Writing in Coffee Shops
This book, subtitled “Confessions of a playwright”, may be deceptively slight but contains much wisdom. In around 125 pages, Ryan Craig attempts to achieve a number of different goals and, for the most part, hits the target every time.
On one level, like so much in his plays, the book reveals a great deal about the Craig family history, largely made up of Jewish immigrants from Central Europe to the East End of London and, more recently, middle-class North-West London. On another track, we are able to learn much about what makes Ryan Craig tick and the life of a playwright, which is anything but 9-to-5.
Perhaps the most rewarding elements relate to the impulses that persuade someone to become a playwright in the first place and then facilitate their work.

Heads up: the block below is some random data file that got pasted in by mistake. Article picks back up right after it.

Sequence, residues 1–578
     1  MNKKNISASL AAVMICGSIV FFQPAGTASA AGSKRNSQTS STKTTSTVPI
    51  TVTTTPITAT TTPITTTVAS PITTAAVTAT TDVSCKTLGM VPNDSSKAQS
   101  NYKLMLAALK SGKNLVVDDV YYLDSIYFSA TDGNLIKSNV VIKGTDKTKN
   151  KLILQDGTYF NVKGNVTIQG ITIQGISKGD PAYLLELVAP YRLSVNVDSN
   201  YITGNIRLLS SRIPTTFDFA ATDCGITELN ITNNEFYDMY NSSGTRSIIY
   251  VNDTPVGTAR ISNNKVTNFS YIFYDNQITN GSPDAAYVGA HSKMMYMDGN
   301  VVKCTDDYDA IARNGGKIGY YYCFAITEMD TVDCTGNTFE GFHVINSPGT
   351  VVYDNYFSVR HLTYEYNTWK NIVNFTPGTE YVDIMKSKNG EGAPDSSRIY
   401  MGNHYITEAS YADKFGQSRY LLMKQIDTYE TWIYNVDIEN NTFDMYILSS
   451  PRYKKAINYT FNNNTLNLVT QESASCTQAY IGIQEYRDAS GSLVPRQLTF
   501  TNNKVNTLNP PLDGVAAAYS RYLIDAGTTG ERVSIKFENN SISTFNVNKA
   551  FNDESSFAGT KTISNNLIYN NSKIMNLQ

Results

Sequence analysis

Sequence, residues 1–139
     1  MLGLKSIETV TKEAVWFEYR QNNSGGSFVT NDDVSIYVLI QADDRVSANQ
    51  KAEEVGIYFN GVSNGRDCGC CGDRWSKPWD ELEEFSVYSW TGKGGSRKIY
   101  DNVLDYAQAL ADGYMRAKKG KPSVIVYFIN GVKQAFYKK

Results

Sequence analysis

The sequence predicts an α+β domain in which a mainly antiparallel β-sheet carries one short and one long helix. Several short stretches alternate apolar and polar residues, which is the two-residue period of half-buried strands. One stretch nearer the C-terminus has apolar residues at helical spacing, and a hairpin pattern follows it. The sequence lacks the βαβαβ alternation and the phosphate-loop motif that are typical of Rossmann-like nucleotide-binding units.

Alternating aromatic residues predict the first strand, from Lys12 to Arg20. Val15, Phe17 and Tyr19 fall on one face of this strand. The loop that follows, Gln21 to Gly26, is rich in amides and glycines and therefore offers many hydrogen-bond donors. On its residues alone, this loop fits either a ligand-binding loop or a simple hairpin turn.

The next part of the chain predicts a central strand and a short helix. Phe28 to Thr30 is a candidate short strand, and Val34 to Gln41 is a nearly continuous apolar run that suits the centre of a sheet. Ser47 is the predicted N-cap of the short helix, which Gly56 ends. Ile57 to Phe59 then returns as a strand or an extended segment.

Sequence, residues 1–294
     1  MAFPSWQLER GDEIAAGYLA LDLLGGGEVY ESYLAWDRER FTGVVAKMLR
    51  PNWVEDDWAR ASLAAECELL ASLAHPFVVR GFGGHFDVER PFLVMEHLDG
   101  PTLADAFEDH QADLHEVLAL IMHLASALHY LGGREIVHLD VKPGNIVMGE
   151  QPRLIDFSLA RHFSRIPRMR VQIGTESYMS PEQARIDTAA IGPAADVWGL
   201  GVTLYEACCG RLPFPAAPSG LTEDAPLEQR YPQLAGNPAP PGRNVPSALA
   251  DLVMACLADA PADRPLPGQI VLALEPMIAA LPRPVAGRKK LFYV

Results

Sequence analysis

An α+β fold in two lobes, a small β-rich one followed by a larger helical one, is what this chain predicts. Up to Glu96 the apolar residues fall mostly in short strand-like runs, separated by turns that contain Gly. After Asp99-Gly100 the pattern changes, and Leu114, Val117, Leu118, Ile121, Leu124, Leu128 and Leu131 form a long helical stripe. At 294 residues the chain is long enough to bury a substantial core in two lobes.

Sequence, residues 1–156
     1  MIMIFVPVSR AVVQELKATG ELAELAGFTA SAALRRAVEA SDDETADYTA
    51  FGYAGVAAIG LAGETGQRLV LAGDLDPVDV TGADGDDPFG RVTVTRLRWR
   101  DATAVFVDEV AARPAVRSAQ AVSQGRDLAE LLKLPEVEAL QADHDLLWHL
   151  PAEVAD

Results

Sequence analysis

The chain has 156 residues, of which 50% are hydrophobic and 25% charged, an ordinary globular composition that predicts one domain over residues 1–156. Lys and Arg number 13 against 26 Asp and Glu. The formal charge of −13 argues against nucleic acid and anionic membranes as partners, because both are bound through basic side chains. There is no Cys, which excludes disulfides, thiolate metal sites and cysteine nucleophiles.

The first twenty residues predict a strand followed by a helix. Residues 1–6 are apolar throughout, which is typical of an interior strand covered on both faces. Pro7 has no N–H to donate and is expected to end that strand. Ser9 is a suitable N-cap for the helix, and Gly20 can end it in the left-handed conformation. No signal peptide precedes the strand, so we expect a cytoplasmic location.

In achieving his goals, Craig covers broad themes of finding and utilising ideas, the elements that must be put together to make up a story, the authorial voice and finishes with a chapter on where theatre might be going when we eventually escaped the ravages of coronavirus.
Seeming like rather an afterthought, possibly included at the suggestion of an editor or a publisher, there are also a handful of exercises for budding playwrights sprinkled through the volume.
Within this framework, Writing in Coffee Shops is at times a book of philosophy, it is also an excellent overview of the theatre, citing examples from the Greeks to Shakespeare and contemporary writers to make points about the ways in which plays can be created. In addition, it contains a great deal of contemporary social and political commentary to add background to the story.
Ultimately, this could be an excellent, slightly offbeat manual for those who are considering becoming playwrights or have taken the first steps in that direction. It is also a cracking read.
Reviewer: Philip Fisher